spend five years with him and he will destroy you.

an excellent book to read is co dependant no more. It is very useful and full of wise advice for those who get caught up with addicts.

If you are unhappy with his drinking and he hasn't stopped you are allowing him to disrespect you and your needs. By allowing disrespect, what are you teaching him? That you don't deserve to be respected, that your personal boundaries are unimportant, that you do not value yourself.

I wish from the bottom of my heart, that mind melting was possible, as i would love to show you how personal destruction creeps up on you so slowly you don't notice, a dysfunctional lifestyle becomes normalised and you don't even see it.

Right now a close and dear friend of mine is drinking to excess and has been for fifteen years. she has lost the house she owned, 4 of her 5 children have moved out, that includes a 12 year old!!!!!!!!! she is in an abusive relationship because she believes no one else would accept her drinking. If she wasn't an alcoholic, she could have her pick of men. Her 18 year old son wants to move away to university but refuses to leave his 14 year old brother alone with the issues.

although i am not in a sexual/partner relationship with my friend, the situation has become so destructive that i have been forced to tell her i am stepping back from our friendship until she gets her issues under control. Every time i go on holiday abroad, she flips, (the two probably are not connected) last time, i had been away three days and she took an overdose.

I feel dreadful that i haven't been able to help her, but i want a positive successful life and while i am part of her alcoholic drama and dysfunction, there is not space in my head, or time in my life to get on with my own plans.

I could write pages and pages about all i have experienced and the consequences of it, but i don't want to bore you.

been there done that and bought the tee shirt. I will never again have a "practicing" addict in my life. its an over my dead body type of thing.

please save yourself, perhaps relationship counselling may be a good place to start?

posted on Mar, 31 2014 @ 07:42 AM
reply to post by Myomistress

Alcohol over time tends to have worse negative effects and less positive effects I am noticing at least for me. I am slowly easing off the alcohol, but it never became a problem(besides health), that I can see. I'm happy all the time, I'm always coherent and fun to be around. I care about people. I've been with my girlfriend for 4.5 years, and an alcoholic for longer than that. For me and her it works, and there were times in her college days she would even out drink me. I know there is something about me that is probably different from most addicts though. I value my honor and name over the addiction so even if I am drawn to mess things up I don't do it because I have an even stronger desire to be good.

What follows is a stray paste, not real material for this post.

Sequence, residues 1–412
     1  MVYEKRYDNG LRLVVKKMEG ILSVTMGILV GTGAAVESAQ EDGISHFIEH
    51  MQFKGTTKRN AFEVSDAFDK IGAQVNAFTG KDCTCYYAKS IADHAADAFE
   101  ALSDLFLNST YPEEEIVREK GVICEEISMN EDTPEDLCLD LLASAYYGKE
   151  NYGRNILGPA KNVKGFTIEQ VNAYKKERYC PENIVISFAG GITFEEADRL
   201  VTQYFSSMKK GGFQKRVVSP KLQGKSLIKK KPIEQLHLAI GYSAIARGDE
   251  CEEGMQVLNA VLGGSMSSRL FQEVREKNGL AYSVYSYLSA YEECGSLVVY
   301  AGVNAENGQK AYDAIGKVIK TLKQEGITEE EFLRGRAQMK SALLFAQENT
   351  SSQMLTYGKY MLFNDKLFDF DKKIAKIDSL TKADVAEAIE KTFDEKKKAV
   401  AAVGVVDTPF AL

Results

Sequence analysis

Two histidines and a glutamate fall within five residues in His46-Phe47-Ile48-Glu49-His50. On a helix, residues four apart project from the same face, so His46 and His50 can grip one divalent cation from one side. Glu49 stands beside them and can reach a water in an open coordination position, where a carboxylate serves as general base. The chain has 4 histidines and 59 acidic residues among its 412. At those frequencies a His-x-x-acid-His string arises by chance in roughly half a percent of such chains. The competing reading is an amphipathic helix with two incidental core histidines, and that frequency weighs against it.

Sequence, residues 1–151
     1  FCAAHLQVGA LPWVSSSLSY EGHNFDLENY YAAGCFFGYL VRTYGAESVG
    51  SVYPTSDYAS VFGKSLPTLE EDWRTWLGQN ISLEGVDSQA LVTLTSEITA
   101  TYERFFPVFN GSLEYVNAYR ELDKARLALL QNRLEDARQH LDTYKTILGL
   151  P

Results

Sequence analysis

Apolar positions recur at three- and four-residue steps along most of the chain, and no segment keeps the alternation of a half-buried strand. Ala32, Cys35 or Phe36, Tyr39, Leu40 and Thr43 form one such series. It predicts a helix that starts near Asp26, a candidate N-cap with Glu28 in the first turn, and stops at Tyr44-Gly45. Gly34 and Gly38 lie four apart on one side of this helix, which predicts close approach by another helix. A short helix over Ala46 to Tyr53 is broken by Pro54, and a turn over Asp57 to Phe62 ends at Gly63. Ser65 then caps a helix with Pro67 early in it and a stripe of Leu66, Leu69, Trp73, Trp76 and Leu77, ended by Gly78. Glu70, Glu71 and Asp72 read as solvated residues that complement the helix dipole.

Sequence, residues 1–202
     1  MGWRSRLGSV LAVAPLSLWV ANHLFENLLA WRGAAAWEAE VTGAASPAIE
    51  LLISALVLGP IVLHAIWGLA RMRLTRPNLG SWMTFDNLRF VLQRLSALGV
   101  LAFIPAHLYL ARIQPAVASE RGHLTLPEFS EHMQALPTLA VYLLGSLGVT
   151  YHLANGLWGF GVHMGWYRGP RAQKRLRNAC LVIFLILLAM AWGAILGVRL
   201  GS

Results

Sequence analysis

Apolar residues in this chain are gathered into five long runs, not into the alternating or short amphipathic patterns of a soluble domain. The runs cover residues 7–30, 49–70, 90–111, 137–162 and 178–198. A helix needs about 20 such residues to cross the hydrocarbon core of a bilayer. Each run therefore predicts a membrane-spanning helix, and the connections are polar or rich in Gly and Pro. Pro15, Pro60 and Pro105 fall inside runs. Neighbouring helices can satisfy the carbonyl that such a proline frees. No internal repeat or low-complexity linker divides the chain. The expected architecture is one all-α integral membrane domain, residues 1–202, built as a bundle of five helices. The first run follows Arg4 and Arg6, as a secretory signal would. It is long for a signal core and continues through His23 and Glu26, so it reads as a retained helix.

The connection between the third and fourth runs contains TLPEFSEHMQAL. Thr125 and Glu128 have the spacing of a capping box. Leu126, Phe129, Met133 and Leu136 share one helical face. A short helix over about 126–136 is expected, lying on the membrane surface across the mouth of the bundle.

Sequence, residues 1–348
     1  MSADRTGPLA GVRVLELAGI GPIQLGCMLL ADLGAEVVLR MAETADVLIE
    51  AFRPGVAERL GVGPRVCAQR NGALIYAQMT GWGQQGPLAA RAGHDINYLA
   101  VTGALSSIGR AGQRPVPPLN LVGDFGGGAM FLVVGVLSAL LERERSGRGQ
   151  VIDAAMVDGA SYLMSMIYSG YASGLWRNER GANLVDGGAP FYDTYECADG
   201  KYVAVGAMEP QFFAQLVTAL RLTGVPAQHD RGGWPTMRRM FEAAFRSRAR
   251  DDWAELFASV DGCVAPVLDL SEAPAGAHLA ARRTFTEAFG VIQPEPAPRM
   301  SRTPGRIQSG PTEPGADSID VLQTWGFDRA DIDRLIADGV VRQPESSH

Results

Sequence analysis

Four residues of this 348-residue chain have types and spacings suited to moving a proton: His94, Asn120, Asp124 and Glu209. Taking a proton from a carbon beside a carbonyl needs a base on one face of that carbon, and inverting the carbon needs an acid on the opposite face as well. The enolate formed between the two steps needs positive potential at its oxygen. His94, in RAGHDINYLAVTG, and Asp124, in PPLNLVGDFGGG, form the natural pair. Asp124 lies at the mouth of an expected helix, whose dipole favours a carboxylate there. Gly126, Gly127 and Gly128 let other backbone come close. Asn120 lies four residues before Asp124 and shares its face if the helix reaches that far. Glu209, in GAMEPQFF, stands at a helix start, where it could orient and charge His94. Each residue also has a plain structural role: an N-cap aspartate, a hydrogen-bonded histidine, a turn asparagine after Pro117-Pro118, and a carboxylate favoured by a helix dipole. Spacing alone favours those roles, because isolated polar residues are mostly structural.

I can tell you though, he is 99% likely to keep on drinking, and as you mentioned it's ALREADY a problem. It gets worse from here on out. You would be happier with someone else. He would be happier with someone else. Heck even down the line after a breakup you guys could each be that someone else for each other. Maybe he quits drinking after you break it off, and six months down the line you see him in a coffee shop or something, but for now please DO NOT stay.

I just opened a beer. If beer in the morning on your day off sounds even the slightest bit strange to you RUN. There is nothing wrong with liking people who are sober and care about you. You deserve it. Now get to it.

posted on Apr, 4 2014 @ 11:40 PM
reply to post by Myomistress

You have to leave. There isn't really anyway around it, all your limit is really doing is first breeding resentment. And second as you have already witnessed giving him a challenge to work around. He doesn't respect you and probably never will. People with a substance abuse issue have to work that issue out on their own terms or it will never stick.

posted on May, 6 2014 @ 11:23 AM
My dad is a alcoholic and my bf does drink but not amount as yours (i assume).

I been with him for 3 years now and his drinking is getting very bad. He gained weight but he isn't a aggressive drunk or a paranoid drunk. I have asked him to low the amount (i won't put limits on it) because it is unhealthy. I don't know if he did listen to it because i only seem him on weekends (lucky it would be 2 weekends a month).

If it bothers you greatly and he truly doesn't listen. Maybe you should consider leaving him? I experiencing the same thing.

new topics

top topics

<< 1   >>

log in